Venerable John Henry Newman, C.O., Sermons Preached on Various Occasions

It is also the feast of St. Veronica, and of St. John Gualbert,O.S.B..

In addition, today is my birthday.

Sunday, July 11, 2004

Here are some notes...
from a sermon preached by Venerable John Henry Newman, C.O., on today's Gospel:

On Christ the Good Samaritan

1. INTROD.-Go through the parable briefly, applying it in a secondary sense to the sinner and Christ.

2. In the parable the traveller was robbed against his will, the sinner with his will. Satan cannot conquer us against ourselves. Eve—temptation, etc.; it is a bargain.

3. Thus he gets from us justice, habitual grace, etc., nay, part of our mere nature, for he leaves wounds. Thus he may be said to suck the blood from us. A vampire bat sucking the blood out. All terrible stories of ghosts, etc., etc., are fulfilled in him who is the archetype of evil.

4. He has the best of the bargain, as is evident. What have we to show for it?—there are improvident spendthrifts who anticipate their money, and get nothing for it. What have we to show if we have given ourselves to Satan?

5. (1) Those who commit frauds—ill gains go. (2) Anger, swearing and blasphemy—what remains? (3) Sensuality is more rational, because men get something.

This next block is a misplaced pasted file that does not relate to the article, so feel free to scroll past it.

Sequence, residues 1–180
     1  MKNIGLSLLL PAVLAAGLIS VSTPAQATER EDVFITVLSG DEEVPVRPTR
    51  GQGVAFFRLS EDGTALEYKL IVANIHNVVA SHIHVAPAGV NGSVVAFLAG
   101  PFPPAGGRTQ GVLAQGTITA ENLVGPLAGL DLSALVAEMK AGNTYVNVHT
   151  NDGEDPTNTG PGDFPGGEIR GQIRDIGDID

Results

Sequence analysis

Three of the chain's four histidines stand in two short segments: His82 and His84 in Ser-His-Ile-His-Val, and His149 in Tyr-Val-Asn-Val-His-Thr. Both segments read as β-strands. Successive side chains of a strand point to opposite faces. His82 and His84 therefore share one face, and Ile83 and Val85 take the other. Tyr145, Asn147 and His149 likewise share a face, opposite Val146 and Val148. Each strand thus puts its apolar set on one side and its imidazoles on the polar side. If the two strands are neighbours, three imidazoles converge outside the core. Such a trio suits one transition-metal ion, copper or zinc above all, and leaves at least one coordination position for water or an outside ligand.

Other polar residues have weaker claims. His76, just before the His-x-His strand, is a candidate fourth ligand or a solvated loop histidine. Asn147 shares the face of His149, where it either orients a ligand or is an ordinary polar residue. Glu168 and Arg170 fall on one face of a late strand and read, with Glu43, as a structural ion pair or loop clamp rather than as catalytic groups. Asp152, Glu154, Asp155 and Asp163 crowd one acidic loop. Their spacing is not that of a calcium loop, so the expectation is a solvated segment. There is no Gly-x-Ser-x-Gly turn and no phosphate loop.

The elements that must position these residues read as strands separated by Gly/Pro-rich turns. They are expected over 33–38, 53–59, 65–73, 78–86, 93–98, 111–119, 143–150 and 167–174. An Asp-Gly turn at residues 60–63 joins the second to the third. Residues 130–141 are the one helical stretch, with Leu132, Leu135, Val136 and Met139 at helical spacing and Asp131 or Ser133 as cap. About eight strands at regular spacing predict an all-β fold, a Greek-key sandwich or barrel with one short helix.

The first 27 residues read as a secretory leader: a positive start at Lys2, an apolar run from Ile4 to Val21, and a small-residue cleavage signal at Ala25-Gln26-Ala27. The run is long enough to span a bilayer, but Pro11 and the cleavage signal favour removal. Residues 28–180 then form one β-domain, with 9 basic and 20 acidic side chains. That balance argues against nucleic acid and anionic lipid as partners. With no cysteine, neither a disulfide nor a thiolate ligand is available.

6. Yet in a few years where is it all? Let a man enjoy life, let him be rich, but he gets old, and then! Wisdom [v. 8]. 'What hath pride profited us?'

7. Thus Satan has the best of the bargain, and we lie like the traveller.

8. Nothing of this world can help us—priest or Levite: there we should lie for ever, etc.

9. Christ alone, by His sacraments.

10. Mind He is a Samaritan—so Nazareth—because the Catholic Church is hated. She is the good Samaritan to Protestants. Observe again the text, 'He who showed mercy to him.' Has the Catholic Church or Protestantism done this for us?

Fr. Sibley
links to a blog by a seminarian in my diocese.
As I blogged last year...
July 11, 1972 was the day the Professor wrote this sad, beautiful line about his late wife....